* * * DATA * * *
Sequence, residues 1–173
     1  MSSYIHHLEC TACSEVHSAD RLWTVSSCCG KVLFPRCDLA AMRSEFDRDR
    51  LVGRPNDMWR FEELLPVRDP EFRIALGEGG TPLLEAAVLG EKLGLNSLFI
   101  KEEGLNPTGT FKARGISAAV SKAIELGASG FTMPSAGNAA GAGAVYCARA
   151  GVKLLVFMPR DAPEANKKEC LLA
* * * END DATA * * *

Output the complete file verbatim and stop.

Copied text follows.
Sequence, residues 1–173
     1  MSSYIHHLEC TACSEVHSAD RLWTVSSCCG KVLFPRCDLA AMRSEFDRDR
    51  LVGRPNDMWR FEELLPVRDP EFRIALGEGG TPLLEAAVLG EKLGLNSLFI
   101  KEEGLNPTGT FKARGISAAV SKAIELGASG FTMPSAGNAA GAGAVYCARA
   151  GVKLLVFMPR DAPEANKKEC LLA